There are 3 goals coaches need to achieve when planning the return to sports for any athlete
As teams and sports organizations start targeting a return to sport dates, they need plans to prepare the athletes.
At Velocity, we’ve been working with everything from elite athletes and teams, to local clubs and high schools in devising effective strategies. We are helping them to achieve the same three goals whenever we return an athlete to sports after extended times away.
Three Goals of Planning the Return to Sports
Working in higher level sports, we’ve learned a lot about returning planning back in their sports practice after long layoffs. Most of this comes from athletes that we’re injured and required extended time out of sport to rehab and recover. Sometimes it’s with athletes who took a sabbatical year or had a pregnancy during their career.
No matter the case, we do know that without the right preparation, an athlete going back into their regular sports practice and training routine will be at higher risk of injury.
The three driving outcomes we are working to achieve for our players is that they can return safely, successfully, and sustainably.
1. Returning To sport SAFELY
We want athletes to return to sports without a sudden influx of injuries. Injury defeats the entire purpose of reopening sports and eliminates the chance of success. After all, you can’t play well if you are on the sidelines hurt.
Velocity is working with teams to create phased-in training plans, athlete readiness screenings, and load monitoring. This means helping athletes and coaches plan how to balance the needs of the athletes body, with the likely scenario of getting back to seasons quickly.
The first step is to do some basic screening of fitness and readiness as athletes return. Finding out what shape they are in is important because coaches have never faced this many athletes out of training for so long.
Next, we are helping coaches plan a ramp-up of both technical skills and the right physical qualities for the sport will lower the chance of injuries.
Monitoring how the athletes are responding to the increased load is another strategy that lets you get an early warning if the training is too much or too little. This feedback to coaches can help them adjust training plans to get back into shape and competitive form as fast as possible.
2. Returning to sports SUCCESSFULLY.
Successfully means being able to perform at a high level. No coach wants to see their team come back out of shape and unable to play up to their abilities. Plans for preparing the right physical qualities and skills begin now.
That means even before you are back, organize your athletes to complete specific types of training. They need to be preparing specific body parts and tissues for the stress of practicing again.
This is always important in preseason, but especially now when athletes have detrained. Their bodies are not the same as when they left.
Velocity is working with some teams and clubs to provide pre-return training that specifically reduces the risks of injury and increases the physical qualities they need in their sport.
While many athletes are trying to stay fit and ready with various exercises at home, exercising isn’t training. Training has a specific purpose and goal. While keeping a general level of strength, fitness and mobility were reasonable goals during time at home, athletes need to prepare for sport again.
Whether it’s through remote coaching and managed digital platforms, or in person, serious teams are getting their athletes ready now.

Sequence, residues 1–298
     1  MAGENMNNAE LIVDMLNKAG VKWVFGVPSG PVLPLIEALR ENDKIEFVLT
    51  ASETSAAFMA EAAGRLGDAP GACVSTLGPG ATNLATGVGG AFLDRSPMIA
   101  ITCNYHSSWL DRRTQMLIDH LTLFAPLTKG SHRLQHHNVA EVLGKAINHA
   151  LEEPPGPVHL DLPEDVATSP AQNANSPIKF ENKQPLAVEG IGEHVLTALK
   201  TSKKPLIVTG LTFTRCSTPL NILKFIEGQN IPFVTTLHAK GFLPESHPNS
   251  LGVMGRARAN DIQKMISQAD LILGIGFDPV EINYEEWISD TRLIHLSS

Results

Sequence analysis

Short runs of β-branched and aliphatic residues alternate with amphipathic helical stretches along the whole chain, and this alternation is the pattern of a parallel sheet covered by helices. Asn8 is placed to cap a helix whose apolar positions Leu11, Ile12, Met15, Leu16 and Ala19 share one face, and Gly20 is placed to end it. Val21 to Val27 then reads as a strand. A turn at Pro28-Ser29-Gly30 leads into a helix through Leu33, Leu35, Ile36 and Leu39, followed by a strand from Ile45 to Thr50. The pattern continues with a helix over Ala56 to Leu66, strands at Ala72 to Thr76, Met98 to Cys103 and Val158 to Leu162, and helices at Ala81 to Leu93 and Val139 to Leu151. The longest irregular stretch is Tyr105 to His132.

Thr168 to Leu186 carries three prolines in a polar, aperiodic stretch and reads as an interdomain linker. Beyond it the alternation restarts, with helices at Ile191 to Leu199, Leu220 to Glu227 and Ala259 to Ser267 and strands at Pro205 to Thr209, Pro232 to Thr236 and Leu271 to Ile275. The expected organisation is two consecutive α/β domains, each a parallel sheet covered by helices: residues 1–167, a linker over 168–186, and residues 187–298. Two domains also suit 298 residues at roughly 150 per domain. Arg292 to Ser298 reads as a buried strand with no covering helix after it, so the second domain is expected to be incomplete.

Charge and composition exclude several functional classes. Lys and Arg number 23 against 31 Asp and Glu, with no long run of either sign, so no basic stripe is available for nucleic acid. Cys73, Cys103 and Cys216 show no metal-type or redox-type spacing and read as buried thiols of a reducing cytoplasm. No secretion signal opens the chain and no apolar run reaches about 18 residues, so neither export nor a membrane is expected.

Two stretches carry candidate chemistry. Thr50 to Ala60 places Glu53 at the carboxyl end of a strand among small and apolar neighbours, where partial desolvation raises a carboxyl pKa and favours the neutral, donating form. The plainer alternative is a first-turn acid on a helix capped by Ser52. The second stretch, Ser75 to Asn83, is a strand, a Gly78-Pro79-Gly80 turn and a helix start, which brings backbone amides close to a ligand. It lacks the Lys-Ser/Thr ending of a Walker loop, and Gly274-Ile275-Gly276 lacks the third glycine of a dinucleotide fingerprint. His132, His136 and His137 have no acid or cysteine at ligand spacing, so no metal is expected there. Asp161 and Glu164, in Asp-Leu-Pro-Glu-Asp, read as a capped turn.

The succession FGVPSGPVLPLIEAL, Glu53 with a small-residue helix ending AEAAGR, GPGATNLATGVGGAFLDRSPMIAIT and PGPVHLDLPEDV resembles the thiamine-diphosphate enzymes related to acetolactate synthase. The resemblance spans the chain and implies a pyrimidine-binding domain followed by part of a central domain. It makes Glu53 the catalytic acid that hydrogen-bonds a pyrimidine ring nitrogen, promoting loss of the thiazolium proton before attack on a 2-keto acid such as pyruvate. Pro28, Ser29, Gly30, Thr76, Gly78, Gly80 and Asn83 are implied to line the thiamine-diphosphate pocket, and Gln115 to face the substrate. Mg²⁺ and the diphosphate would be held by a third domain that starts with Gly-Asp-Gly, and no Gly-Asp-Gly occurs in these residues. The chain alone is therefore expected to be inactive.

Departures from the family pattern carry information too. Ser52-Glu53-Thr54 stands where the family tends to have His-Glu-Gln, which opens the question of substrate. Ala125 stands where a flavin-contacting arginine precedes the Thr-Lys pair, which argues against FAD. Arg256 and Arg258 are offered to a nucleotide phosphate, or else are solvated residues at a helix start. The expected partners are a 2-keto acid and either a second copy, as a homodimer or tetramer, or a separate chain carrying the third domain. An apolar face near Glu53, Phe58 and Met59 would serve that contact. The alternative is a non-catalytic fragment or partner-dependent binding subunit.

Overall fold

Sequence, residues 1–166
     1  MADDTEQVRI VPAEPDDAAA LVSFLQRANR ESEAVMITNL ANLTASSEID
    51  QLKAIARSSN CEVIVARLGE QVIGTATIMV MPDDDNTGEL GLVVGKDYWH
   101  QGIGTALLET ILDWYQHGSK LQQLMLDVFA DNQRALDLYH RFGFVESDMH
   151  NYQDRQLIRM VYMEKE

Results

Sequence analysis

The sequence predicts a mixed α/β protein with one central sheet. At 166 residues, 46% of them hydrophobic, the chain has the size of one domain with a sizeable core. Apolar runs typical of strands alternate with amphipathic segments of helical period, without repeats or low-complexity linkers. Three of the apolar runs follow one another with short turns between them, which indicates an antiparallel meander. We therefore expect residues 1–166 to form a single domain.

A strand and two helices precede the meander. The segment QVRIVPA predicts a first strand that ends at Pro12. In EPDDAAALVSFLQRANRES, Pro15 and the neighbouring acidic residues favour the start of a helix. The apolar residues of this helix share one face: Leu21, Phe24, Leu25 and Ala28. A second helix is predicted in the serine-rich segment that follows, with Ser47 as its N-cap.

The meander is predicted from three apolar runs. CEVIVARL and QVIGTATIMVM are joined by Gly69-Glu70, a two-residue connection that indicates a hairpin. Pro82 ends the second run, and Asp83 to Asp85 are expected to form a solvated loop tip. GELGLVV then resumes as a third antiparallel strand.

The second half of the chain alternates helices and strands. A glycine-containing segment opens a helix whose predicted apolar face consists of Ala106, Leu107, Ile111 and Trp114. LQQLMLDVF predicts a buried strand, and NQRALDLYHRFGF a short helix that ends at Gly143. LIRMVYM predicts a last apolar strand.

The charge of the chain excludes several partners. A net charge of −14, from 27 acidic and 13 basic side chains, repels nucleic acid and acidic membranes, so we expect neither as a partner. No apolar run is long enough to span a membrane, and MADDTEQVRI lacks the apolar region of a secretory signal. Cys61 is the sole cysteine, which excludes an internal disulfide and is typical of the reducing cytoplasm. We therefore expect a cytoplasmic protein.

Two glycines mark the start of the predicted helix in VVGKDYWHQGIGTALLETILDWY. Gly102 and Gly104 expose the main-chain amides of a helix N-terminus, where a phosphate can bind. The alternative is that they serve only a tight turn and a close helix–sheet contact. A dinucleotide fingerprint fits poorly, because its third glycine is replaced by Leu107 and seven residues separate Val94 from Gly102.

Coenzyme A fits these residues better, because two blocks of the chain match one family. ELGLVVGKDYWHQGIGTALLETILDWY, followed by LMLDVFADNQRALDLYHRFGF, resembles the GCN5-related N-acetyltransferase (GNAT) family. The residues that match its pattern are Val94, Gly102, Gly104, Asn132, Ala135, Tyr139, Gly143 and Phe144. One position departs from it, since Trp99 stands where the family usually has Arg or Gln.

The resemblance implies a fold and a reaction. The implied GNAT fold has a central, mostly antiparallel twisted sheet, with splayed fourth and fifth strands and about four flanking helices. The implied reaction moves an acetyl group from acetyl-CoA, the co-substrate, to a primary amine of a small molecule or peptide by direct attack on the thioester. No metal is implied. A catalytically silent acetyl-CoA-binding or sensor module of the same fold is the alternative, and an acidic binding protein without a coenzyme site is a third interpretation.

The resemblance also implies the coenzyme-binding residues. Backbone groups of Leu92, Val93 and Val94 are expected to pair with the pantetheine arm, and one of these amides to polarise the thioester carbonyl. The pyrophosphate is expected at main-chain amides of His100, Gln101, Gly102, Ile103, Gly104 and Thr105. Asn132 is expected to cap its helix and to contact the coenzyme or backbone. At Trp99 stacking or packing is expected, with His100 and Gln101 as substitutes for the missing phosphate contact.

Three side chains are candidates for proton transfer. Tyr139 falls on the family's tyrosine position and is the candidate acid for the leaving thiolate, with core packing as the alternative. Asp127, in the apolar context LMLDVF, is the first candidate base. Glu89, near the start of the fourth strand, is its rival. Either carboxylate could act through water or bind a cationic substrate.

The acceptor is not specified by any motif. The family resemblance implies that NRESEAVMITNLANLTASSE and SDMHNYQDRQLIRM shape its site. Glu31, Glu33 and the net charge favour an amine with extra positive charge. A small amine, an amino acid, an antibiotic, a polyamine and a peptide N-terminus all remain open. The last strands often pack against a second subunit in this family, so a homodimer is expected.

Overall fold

3. SUSTAINING the return to sports
Sustainable is a goal that often gets forgotten. We don’t just want the first weeks to be a success, but the entire season.
This means that we have to get the preparation and buildup right first, and then follow it with continued training, monitoring, and recovery. Remember, these athletes aren’t going to be the same. Some issues can creep in slowly.
Velocity is helping teams and clubs plan their monitoring and supplemental recovery and training strategies for in-season. We have athletes that enter and rate daily responses on phone-based apps so coaches can see if their teams handling the demand.
When the fatigue is building or specific aches and pains are increasing, you can help implement and specific recovery plans and give athletes guidance on how to recover at home.
Another important strategy for sustainability while planning your return to sports after COVID-19 is to continue with their physical training during the season. This doesn’t mean a large volume of grueling physical training. That leads to excessive fatigue and takes away from their technical sports skills.
Instead, we recommend a strategy we use in elite sports called micro-dosing. Small, frequent, and high-intensity bouts of training. This may be dedicating 6-15 minutes of practice time to work on speed or specific explosive qualities.
It can also mean targeted high intensity interval training sessions or specific mobility work. What matters is that you pinpoint the physical qualities that will keep your players healthy and in top form, and then have a plan to build and maintain them.
A Shortened Time Frame
There will likely be a shortened time frame as we return in many sports. We are proposing an approach to achieve the three return to sport goals as quickly as possible. We want to do it quickly because people want to be back in sports.
Some leagues will feel the pressure and schedules will start very fast.
Some coaches will be under pressure to win and see this as an opportunity to get ahead of other teams.
We acknowledge that in many cases, a prolonged and steady buildup may not be feasible. However, we don’t want the return to be so quick that it puts athletes at risk. Planning the return to sports after COVID-19 shutdowns starts with setting these three goals.